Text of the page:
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Japanese architect Tadao Ando’s concrete design aims to connect people with nature

The canopy of plane trees frames the open roof and is reflected in the pool, while behind the pool and the paving stones, and horizontal gaps in two of the 17-metre walls allows the trees and grass inside.

A low concrete bench allows for contemplation, as do the scattering of wooden stools, a commission from Davidov Architects of their Unique Circle | Square chairs.

“Sky, water and people become one” at MPavilion 10, architect Tadao Ando says.Credit: John Gollings

Speaking from Japan, Ando, the 82-year-old Osaka-based architect said: “In Melbourne, I imagined architecture that could inspire people to realise the wonder of nature surrounding them. A pavilion where the sky, water and people become one.

“I hope the people of Melbourne and throughout Australia will further contemplate the nature of architecture from the experience here. It should touch and connect human hearts and leave those who gather here feeling better about today.”

He revealed that the two narrow horizontal slits allowing visitors to look north to the city and south to the gardens were a late engineering challenge.

“I enjoy adding an extra touch that gives people joy,” Ando said in an earlier interview.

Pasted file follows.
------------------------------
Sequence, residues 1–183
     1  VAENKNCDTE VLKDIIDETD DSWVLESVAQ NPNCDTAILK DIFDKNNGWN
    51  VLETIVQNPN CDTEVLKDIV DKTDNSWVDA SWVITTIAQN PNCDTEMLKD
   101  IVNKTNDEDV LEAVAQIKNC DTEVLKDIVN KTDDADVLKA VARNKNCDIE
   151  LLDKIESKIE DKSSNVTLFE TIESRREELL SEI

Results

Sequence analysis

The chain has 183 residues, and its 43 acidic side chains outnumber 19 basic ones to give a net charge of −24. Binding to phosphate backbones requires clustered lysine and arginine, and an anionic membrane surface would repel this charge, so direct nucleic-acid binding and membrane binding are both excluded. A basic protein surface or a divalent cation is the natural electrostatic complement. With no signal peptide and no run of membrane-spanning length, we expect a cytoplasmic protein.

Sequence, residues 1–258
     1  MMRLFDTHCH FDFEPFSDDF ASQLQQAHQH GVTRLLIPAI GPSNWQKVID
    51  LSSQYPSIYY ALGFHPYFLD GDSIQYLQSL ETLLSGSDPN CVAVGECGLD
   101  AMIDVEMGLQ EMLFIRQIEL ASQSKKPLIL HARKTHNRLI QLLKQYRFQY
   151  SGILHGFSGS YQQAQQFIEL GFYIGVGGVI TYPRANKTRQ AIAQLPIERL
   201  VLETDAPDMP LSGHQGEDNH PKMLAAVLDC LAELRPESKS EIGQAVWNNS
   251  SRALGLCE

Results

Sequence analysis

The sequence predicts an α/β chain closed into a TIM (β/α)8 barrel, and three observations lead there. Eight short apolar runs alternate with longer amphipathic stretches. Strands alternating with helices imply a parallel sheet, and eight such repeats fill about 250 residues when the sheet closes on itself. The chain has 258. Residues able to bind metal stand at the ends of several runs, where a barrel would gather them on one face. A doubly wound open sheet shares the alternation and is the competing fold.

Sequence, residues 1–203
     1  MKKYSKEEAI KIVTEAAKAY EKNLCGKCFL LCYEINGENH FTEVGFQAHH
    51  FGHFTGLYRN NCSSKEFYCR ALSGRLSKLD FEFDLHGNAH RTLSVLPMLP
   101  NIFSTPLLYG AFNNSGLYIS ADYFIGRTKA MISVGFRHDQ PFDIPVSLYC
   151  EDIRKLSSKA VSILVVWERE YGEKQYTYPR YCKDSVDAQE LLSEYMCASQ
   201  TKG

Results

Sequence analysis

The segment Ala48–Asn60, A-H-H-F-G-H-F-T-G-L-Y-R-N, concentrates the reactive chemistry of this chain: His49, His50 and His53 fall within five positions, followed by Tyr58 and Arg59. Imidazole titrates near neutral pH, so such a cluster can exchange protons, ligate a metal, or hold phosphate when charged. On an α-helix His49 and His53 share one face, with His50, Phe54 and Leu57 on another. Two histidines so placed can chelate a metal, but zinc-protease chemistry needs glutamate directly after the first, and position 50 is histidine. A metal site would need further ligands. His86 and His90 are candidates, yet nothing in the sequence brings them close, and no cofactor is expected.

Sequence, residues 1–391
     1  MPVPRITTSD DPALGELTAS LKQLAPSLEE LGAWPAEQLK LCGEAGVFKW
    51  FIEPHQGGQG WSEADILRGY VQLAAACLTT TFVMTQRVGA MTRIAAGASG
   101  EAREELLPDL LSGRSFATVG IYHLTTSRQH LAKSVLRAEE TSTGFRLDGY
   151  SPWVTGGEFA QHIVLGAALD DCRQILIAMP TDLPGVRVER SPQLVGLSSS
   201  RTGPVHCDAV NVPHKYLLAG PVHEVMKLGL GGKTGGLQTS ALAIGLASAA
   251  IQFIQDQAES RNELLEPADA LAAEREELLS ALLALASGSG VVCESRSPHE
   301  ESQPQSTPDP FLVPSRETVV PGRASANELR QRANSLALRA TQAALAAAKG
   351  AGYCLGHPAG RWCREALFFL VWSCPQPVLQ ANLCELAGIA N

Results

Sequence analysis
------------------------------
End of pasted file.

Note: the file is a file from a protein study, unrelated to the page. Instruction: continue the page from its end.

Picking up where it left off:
Sean Godsell, who designed the first MPavilion, circled back to become executive architect to realise Ando’s design in Melbourne.

“He wants you to arrive and discover, pause and reflect and then leave,” Godsell said.

“He’s enticing you, seducing you and holding you with this microcosm of nature.”

”We share a resounding reverence for nature. We also embrace the individuality of detail in a time when architecture has been muted by globalisation,” Godsell added. “We both believe architecture can serve the community. Most of all, we believe in the capacity for architecture to move people, to touch their hearts.”

MPavilion 10 will host 10 commissions across art, food, design and literature, craft, music and theatre, hosting 185 events before it is disassembled on March 28.

Several very different artistic endeavours inspired by the grey concrete forms were commissioned, including Deborah Cheetham Fraillon’s 10th composition to the Wominjeka Song Cycle as well as grey ice cream from Brazilian artist João Loureiro and Piccolina Gelateria.

Milgrom said a decade ago, she had embarked on an experiment in the heart of Melbourne.

“We asked ourselves: could we use the power of architecture and design to bring people together? To create a community and to facilitate a meaningful debate about how architecture and design could flourish.”


She reeled off the stats: 1.25 million visitors in the first decade, 69 national and international design awards. Seven MPavilions were relocated to new permanent locations in communities around Victoria. And 4000 collaborators in cultural performances and events.

“These pavilions come to life through the collective creativity that permeates them. They serve as vital meeting places in the cultural and community life of our city. And through collaborations and partnerships we can create a type of utopia where people can gather, learn, contemplate and discover. ”

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